Many foes, few friends

The United States is losing credibility and support abroad.

When it comes to foreign policy, the Bush Doctrine has been more defined by action and less defined by diplomacy. The recent missile test-launch by North Korea and the growing defiance of U.S. foes illustrates the failure of the president’s unilateralist vision of American power.

When President George W. Bush first entered the White House he promised to operate under a “humble” foreign policy that would avoid unnecessary conflict. Things changed after Sept. 11, 2001. The attacks bolstered the administration to formulate a new, aggressive foreign policy and to wield U.S. power. Pre-emption was at the center of this new international strategy. The United States alone would extinguish any state it viewed as a potential threat and spread “democracy” throughout the world regardless of the diplomatic consequences.

And where has this “go-it-alone mentality” gotten the nation? The United States has alienated allies and emboldened enemies. Four years after Iraq, Iran, and North Korea were dubbed the “Axis of Evil” the United States remains at war in Iraq with no end in sight; Iran’s nuclear ambitions are larger than ever; and North Korea just test-fired missiles intended to be capable of reaching the United States.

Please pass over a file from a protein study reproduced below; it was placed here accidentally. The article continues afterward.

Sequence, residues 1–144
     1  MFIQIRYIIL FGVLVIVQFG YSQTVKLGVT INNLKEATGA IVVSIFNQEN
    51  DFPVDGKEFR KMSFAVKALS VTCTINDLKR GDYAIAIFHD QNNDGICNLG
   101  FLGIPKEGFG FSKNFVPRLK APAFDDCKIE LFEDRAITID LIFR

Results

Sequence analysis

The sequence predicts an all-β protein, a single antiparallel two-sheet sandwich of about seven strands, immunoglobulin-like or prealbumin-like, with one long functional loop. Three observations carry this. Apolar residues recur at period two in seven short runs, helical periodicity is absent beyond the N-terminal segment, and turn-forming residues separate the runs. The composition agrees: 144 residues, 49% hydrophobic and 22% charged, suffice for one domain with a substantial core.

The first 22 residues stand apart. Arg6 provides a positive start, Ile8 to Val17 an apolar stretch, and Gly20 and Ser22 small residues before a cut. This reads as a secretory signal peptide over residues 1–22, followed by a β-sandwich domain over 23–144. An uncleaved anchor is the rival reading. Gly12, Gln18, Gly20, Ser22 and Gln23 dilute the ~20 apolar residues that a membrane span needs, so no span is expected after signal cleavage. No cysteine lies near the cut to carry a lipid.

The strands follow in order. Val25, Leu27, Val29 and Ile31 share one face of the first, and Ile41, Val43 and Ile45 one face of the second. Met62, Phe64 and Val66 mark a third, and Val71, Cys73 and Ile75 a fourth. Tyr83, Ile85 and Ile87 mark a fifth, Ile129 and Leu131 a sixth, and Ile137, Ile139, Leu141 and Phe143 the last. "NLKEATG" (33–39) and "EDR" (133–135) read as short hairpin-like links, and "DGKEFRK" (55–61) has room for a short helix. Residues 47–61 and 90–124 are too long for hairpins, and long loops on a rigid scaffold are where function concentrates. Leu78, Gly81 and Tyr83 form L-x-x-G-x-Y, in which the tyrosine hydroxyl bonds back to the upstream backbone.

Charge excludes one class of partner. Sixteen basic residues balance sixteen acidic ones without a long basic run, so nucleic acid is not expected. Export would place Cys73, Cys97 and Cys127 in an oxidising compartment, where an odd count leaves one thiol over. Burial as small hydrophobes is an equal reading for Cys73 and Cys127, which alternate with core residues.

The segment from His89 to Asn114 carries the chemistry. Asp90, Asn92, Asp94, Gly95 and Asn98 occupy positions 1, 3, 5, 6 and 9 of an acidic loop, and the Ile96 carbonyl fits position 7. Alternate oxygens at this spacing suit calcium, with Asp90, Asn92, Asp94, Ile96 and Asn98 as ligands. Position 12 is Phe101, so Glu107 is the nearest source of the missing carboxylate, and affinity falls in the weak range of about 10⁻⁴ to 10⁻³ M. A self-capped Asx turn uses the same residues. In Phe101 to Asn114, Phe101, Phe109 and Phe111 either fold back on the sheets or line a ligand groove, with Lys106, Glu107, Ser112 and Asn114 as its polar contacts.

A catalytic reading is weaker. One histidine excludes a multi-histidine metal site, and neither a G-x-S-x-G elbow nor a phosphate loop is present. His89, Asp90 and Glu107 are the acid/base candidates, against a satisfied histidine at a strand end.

U.S. resources are stretched to the brink in Iraq, prohibiting further military action in places like North Korea. This problem is exacerbated by allies withdrawing their support for the war.

The Bush administration now is faced with the reality that it must shore up international support to diffuse tensions with anti-American nations. It must wait for others to help and pursue diplomatic avenues. One cannot help but wonder whether the United States would be in a better position had this strategy been initially implemented.

The question now becomes, with waning public support and dwindling international credibility, is it too little too late?